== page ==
Last week, President Trump released his budget proposal for FY 2018. Although it is important to keep in mind that this proposal is merely the starting point for budget negotiations, the priorities reflected in the document are very concerning. Below, we summarize some of the aspects of the proposal that could most significantly impact farmworkers.

Increased Funding for Immigration Enforcement and Detention

The Trump Administration’s proposed FY 2018 budget includes billions of dollars to ramp up the Administration’s plans for the increased detention and deportation of immigrants. Amidst deep cuts to most government agencies, U.S. Citizenship and Immigration Services (USCIS) would receive a budget increase of 23%, while DHS would receive a budget increase of 7%, and a $2.7 billion increase for border security and immigration enforcement, including funds to hire new immigration agents and build portions of a border wall between the U.S. and Mexico.

Decrease in Funding for Key Agencies

The DOL budget for FY 2018 would be reduced from $46 billion to $44.2 billion, with a massive reduction of almost $2.5 billion, or about 20%, of the agency’s discretionary budget. The National Farmworker Jobs Program, which provides programs for migrant and seasonal farmworkers for about $82 million, would be completely de-funded.

Proposal for H-2 Visa Application Fees. According to a proposal also included in the budget, DOL could soon start charging fees to employers who seek to hire foreign workers in order to cover the operating costs for foreign labor certification programs. Employers currently need to ascertain to the Labor Department that they've tried unsuccessfully to hire U.S. workers and that they would pay wages high enough not to disadvantage U.S. workers. Under the budget proposal, employers would also have to pay fees to cover the costs of DOL's prevailing wage determination and the issuing of labor certifications. (Those services are currently free.)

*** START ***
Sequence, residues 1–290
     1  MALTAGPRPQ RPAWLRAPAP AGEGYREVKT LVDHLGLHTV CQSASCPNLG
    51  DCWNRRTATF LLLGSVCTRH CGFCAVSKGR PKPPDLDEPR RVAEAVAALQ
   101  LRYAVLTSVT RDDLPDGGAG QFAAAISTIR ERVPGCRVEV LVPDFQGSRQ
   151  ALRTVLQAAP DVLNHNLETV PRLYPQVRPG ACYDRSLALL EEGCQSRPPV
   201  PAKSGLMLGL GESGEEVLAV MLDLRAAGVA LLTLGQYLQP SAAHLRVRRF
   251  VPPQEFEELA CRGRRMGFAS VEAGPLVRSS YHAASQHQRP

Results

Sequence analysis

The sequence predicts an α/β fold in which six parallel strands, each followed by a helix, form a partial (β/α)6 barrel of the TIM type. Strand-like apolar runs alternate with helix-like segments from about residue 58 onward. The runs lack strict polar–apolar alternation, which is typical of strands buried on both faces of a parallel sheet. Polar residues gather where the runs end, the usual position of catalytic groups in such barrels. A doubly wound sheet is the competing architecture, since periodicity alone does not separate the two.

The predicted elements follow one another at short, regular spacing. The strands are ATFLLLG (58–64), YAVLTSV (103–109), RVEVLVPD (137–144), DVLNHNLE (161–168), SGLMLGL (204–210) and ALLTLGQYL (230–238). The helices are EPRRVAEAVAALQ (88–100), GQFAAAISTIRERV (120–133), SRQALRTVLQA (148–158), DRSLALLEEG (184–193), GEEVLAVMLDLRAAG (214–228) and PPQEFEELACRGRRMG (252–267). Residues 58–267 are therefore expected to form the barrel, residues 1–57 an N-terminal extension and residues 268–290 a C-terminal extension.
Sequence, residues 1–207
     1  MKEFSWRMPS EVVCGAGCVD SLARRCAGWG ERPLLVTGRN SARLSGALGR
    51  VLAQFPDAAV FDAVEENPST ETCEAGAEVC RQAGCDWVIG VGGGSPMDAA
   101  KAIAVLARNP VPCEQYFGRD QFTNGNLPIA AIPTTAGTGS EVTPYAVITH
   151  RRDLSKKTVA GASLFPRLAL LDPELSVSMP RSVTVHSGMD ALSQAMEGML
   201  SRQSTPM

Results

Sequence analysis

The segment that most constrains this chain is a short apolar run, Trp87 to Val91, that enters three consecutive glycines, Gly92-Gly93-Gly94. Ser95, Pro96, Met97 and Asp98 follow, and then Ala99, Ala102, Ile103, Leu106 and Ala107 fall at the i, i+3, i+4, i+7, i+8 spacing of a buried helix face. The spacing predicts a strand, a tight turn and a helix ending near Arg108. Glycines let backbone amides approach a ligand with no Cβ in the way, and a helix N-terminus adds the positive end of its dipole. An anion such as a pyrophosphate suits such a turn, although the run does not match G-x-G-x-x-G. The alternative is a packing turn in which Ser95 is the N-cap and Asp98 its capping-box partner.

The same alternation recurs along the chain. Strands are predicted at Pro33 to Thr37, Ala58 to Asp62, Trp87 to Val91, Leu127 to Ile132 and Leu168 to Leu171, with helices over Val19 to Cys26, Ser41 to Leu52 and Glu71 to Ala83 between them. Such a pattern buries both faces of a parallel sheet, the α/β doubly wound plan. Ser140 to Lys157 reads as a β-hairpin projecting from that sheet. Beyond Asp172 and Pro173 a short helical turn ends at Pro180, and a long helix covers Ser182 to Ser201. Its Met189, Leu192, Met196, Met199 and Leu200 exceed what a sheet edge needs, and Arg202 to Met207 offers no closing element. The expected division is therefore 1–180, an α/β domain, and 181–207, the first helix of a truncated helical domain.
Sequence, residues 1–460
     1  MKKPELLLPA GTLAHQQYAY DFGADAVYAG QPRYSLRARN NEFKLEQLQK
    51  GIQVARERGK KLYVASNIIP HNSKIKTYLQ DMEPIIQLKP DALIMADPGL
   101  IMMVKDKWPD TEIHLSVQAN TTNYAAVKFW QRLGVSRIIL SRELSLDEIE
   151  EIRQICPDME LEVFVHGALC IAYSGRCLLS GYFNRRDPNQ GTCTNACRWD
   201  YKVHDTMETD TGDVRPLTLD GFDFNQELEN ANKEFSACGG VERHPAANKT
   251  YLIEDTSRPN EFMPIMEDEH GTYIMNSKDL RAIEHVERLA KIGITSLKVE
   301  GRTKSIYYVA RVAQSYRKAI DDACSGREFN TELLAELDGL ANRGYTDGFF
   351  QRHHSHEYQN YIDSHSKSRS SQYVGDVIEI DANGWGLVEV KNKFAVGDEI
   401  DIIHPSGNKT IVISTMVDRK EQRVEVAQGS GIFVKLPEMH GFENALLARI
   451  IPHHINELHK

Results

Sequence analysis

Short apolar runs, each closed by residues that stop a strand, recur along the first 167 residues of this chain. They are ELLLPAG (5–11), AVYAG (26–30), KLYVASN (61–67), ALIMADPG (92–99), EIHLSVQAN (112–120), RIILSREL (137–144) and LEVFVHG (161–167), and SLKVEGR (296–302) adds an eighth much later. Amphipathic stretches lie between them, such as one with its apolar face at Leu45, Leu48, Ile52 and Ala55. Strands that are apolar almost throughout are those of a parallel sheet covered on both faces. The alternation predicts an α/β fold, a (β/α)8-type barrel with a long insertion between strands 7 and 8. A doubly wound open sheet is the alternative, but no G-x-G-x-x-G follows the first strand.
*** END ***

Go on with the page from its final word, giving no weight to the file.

OSHA’s overall budget would be cut by approximately $8 billion, while its budget for regulations would be cut by about 10%. Additionally, the OSHA Susan Harwood Training Grant program, which serves vulnerable worker communities, would be completely eliminated. The proposed budget would also reduce USDA funding by more than 20% and would sharply reduce funding for food security programs.

Marked Increase in Use of H-2A Program in California

Use of the H-2A agricultural worker visa has continued to rise this year. In the state of California, use of the program has increased exponentially over the last five years. This issue continues to be highlighted by the L.A. Times in a series of recent articles detailing use of the program, including employers’ reasons for hiring H-2A workers and concerns about worker housing.

CNN Story on Coalition of Immokalee Workers

The CNN Freedom Project recently published a story on agricultural workers in the tomato industry in Florida, highlighting the invaluable work of the Coalition of Immokalee Workers and its Fair Food Program initiative.

New Report on Immigrant Dairy Workers in New York State

The Worker Justice Center of New York and the Workers’ Center of Central New York just released a new report entitled: “Milked: Immigrant Dairy Farmworkers in New York State.” The report details the treatment and working conditions of the immigrant laborers who toil in the state’s milking parlors and barns.